[Numpy-discussion] formatting issues, locale and co
Sun Dec 28 22:38:12 CST 2008
On Sun, Dec 28, 2008 at 4:12 PM, Charles R Harris
> On Sat, Dec 27, 2008 at 11:40 PM, David Cournapeau
> <firstname.lastname@example.org> wrote:
>> Robert Kern wrote:
>> > We should not support locales. The string representations of these
>> > elements should be Python-parseable.
>> It looks like I was wrong in my analysis of the problem: I thought I was
>> using the most recent implementation of PyOS_* functions in my test
>> codes, but the ones in 2.6 are not the same as the ones in the current
>> trunk. So the problem may be easier to fix that what I first thought:
>> simply providing our own PyOS_ascii_formatd (and similar for float and
>> long double) may be enough, and since we don't care about locale (%Z and
>> %n), the function is simple (and can be pulled out from python sources).
>> We would then use PyOS_ascii_format* (locale independant) instead of
>> PyOS_snprintf (locale dependant) in str/repr implementation of scalar
>> arrays. Does that sound acceptable to you ?
I put my yesterday work in the fix_float_format branch:
- it fixes the locale issue
- it fixes the long double issue on windows.
- it also fixes some tests (we were not testing single precision
formatting but twice double precision instead - the single precision
test fails on the trunk BTW).
- it handles inf and nan more consistently across platforms (e.g.
str(np.log(0)) will be '-inf' on all platforms; on windows, it used to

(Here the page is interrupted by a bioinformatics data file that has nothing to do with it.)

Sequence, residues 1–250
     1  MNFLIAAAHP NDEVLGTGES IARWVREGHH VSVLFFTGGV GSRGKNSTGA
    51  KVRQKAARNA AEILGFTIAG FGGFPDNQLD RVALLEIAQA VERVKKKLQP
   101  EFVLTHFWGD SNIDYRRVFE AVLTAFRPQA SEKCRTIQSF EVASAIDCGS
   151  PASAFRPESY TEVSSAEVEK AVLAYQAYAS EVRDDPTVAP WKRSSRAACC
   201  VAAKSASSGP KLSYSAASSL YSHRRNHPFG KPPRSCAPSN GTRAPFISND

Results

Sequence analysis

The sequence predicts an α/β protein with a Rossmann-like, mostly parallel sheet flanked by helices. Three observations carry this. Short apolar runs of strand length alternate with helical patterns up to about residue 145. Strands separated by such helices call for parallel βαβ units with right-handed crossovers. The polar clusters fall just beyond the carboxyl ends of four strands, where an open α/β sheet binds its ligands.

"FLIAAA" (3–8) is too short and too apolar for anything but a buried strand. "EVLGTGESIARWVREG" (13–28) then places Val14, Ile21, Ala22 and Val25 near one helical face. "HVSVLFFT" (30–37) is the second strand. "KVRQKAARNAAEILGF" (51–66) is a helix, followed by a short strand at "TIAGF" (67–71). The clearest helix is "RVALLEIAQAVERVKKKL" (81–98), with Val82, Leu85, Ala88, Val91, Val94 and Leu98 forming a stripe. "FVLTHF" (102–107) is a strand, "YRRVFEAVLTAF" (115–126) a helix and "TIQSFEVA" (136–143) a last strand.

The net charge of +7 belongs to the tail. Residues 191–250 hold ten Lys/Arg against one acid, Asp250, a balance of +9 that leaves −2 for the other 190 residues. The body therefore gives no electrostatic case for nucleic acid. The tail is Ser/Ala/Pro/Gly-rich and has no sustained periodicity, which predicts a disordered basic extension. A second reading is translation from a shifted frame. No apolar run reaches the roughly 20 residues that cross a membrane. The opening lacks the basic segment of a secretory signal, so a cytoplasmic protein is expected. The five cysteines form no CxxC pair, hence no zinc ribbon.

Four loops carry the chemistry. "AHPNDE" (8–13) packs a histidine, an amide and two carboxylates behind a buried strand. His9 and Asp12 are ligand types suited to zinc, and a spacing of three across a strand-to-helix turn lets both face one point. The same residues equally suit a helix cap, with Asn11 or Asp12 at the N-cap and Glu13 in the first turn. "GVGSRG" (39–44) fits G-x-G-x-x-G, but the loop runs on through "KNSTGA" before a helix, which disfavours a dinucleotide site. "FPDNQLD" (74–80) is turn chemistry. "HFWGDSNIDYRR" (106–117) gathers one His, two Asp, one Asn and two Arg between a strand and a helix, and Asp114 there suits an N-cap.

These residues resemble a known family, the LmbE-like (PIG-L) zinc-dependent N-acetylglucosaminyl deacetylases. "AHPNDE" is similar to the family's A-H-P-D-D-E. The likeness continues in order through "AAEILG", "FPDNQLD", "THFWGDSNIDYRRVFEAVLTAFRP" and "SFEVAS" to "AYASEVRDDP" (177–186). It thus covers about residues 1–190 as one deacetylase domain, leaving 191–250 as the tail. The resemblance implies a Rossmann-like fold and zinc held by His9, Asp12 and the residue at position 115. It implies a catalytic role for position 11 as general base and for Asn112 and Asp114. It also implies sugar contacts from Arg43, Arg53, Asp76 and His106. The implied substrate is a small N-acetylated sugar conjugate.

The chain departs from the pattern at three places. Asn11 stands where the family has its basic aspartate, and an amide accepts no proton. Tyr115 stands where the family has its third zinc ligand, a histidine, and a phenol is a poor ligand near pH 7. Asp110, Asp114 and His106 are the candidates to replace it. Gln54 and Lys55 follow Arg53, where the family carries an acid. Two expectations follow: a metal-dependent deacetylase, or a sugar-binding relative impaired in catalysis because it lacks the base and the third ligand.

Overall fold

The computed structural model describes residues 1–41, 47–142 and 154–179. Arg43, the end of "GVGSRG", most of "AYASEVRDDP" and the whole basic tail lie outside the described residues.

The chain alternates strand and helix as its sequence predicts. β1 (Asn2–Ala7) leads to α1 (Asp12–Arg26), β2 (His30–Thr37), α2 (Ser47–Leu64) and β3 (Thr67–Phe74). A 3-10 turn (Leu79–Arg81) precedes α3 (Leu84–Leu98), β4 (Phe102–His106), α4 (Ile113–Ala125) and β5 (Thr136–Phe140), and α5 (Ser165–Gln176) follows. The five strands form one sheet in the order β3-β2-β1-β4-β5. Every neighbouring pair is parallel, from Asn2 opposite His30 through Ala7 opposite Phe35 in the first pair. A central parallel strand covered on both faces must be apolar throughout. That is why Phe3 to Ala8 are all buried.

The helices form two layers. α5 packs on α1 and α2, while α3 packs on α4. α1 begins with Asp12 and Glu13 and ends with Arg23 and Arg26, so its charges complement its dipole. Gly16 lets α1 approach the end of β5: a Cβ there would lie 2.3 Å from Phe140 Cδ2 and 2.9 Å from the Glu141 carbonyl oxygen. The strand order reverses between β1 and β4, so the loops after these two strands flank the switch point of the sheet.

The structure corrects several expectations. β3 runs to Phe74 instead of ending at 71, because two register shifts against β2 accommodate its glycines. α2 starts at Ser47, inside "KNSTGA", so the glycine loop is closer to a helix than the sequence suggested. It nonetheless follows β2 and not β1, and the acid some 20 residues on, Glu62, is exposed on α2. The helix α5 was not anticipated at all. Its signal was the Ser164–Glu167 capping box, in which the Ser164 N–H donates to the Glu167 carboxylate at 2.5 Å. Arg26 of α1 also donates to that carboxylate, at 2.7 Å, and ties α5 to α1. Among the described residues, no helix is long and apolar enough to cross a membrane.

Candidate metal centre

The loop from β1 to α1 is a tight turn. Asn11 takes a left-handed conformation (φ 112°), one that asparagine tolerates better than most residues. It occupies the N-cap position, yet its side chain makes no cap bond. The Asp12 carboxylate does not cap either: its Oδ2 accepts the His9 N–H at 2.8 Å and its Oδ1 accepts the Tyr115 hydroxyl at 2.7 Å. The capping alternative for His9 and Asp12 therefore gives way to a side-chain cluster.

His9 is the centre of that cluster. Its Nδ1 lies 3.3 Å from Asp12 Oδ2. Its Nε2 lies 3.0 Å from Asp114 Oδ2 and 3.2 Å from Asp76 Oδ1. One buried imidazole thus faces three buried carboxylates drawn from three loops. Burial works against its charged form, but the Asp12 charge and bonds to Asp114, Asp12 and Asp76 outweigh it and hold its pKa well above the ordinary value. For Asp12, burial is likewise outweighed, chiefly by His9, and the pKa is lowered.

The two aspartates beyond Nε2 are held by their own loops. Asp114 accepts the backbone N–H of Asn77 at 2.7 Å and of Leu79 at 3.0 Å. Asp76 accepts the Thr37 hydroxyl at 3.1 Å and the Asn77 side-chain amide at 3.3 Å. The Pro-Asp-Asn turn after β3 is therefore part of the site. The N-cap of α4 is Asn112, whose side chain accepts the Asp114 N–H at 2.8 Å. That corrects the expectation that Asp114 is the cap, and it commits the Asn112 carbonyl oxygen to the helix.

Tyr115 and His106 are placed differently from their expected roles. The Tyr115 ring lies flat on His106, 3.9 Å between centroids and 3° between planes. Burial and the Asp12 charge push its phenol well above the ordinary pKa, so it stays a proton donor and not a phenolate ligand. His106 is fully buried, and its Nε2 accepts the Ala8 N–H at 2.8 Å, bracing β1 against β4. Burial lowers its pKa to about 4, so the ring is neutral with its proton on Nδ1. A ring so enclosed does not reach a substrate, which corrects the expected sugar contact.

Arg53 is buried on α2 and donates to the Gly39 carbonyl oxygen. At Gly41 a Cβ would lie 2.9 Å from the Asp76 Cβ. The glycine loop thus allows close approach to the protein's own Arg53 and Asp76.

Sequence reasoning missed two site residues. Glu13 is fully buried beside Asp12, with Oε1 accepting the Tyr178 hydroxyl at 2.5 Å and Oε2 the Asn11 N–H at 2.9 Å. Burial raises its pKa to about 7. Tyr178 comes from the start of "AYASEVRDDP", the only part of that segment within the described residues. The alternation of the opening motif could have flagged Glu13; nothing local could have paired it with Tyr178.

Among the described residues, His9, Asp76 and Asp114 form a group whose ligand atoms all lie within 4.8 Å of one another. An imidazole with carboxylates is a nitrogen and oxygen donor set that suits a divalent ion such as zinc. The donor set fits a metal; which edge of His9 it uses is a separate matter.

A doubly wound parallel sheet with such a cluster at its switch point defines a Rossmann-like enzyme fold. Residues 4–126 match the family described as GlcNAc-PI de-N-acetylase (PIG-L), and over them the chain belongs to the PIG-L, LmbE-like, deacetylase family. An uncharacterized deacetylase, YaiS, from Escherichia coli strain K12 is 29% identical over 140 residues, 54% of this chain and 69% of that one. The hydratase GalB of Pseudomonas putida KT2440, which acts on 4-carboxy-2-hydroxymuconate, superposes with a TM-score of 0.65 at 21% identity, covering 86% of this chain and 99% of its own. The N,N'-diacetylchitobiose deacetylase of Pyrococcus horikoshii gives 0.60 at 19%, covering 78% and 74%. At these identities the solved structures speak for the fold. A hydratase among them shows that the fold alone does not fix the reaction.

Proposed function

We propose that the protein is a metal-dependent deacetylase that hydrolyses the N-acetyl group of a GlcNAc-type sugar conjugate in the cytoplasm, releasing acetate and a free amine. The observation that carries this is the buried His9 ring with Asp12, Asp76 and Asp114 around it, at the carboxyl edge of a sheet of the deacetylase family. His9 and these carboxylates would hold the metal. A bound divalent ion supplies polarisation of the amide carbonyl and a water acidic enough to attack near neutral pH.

be '-1.#INF' - I was afraid it would broke converting back the string
to float, but it is broken anyway before my change, e.g.
float('-1.#INF') does not work on windows).
- for now, it breaks in windows python 2.5, because float(1e10) used
to be 1e+010 on python 2.5 and is 1e+10 on python 2.6 (to be more
consistent with C99). But I could simply forces a backward
compatibility with python 2.5/2.4, since I can control the number of
digits in the exponent in the formatting code.
There are still some problems related for double which I am not sure
how to solve:
import numpy as np
a = 1e10
print np.float32(a) # -> call format_float
print np.float64(a) # -> do not call format_double
print np.float96(a) # -> call format_longdouble
I guess the different with float64 comes from its multi-inheritence
(that is, it derives from the builtin float, and the rules for print
are different that for the other). Is this behavior the expected one ?
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